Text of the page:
I’m happy to report that today, INSEAD was in the news, not just once but twice. Our Dean, Frank Brown, was featured in a front-page splash, besides Hollywood actress Jennifer Aniston.
No, wait. He wasn’t at the Academy Awards with her :) I meant to say that the interview with him was featured on the front page of the Straits Times, our major broadsheet. Aha!
Click on the photo for a higher-res version of the full page article to read it. Frank’s main point was a little scary - good CEOs should leave after a maximum of 7 years, preferably 5. But from what I learnt in my Strategy Execution elective, it is true that over time, CEOs get less access to new information as they become surrounded with ‘yes-men’. Also, in time, the more towering the reputation a CEO has, the more unlikely - especially in the more reticient Asian cultures - he will receive honest feedback. Frank notes that many CEOs from companies that have been badly hit with the recent credit crunch, had long tenures.
Some transcultural anecdotes from Frank’s book, The Global Business Leader, are mentioned, including the tale of the Japanese executive who finally spoke up after a long meeting, about how the name of a new initiative sounded like ‘your ugly sister’ in Japanese.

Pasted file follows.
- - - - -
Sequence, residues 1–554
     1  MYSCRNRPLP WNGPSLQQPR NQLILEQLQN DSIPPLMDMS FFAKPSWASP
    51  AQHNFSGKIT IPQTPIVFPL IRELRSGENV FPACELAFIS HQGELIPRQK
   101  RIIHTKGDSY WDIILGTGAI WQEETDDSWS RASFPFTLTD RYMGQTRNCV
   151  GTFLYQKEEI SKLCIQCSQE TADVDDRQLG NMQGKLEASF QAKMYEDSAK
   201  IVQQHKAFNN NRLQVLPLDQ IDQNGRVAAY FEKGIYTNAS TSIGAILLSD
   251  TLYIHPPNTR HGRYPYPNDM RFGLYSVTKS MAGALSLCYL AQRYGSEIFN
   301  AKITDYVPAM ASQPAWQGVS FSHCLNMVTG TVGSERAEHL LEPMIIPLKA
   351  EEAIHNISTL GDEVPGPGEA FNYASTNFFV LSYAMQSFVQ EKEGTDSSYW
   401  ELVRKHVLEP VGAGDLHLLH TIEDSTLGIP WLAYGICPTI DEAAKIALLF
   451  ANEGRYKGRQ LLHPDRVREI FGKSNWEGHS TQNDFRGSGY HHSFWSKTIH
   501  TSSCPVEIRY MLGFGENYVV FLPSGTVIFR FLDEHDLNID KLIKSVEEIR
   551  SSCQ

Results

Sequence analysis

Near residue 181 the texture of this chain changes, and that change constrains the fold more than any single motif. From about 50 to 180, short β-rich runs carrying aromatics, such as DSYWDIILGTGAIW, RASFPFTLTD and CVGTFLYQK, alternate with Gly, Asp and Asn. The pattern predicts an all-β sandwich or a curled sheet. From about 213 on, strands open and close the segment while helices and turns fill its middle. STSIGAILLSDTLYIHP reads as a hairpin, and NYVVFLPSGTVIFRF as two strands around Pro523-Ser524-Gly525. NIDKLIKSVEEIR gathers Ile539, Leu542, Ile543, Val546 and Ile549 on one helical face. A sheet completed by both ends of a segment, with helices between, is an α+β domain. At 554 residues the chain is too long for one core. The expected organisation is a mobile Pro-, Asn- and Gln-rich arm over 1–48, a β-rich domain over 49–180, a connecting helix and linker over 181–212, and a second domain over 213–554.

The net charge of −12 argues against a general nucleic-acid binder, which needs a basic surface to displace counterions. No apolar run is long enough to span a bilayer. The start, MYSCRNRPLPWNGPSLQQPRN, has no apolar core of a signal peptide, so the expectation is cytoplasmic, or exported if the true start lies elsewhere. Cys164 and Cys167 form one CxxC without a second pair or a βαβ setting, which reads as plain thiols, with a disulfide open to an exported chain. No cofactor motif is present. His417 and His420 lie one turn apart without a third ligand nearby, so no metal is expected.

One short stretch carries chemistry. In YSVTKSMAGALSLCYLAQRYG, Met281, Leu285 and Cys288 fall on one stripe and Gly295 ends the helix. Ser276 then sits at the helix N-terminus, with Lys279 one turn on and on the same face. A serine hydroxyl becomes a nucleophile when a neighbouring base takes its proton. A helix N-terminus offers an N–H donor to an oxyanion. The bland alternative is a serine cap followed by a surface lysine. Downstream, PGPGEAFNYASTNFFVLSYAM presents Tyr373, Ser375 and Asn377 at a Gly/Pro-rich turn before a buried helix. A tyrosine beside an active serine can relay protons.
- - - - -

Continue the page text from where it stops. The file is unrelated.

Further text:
I was a little sad to hear that Frank would be leaving in 2011, but I guess he’s practising what he’s preaching. As an INSEADer I have to say that Frank has been as candid as his name, when speaking with us. He doesn’t have airs and sometimes when we see him walking around the campus, we give him a wave and a smile. I’d say almost everybody has had a chance to have a chat with him.
The next article involving INSEAD is part of a job hunting theme. Specifically, it’s about how taking part in contests like Loreal’s EStrat could land jobs for the more successful contestants. One semifinalist, our classmate Sameer, was quoted:
Good job! Do us proud on 20 May and win!
We should congratulate INSEAD’s corporate communications team for landing 2 articles in a day. Of course it may not have been planned this way because two different papers were involved (albeit by the same parent company, SPH) and you don’t always know when exactly something’s going to be published.
Also, while senior writer Sandra Davy calls INSEAD a ‘premier’ school, in the L’Oreal article we’re mentioned, strangely, just as a ‘postgraduate’ business school. I’m not sure how that description adds value to the article, unless it means we’re older and have an unfair advantage against undergrads? (Am I just reading too much into this?)
In any case, the more senior professionals are aware of what INSEAD stands for. The more INSEAD gets into the local news, the more people will know about us and what we can offer.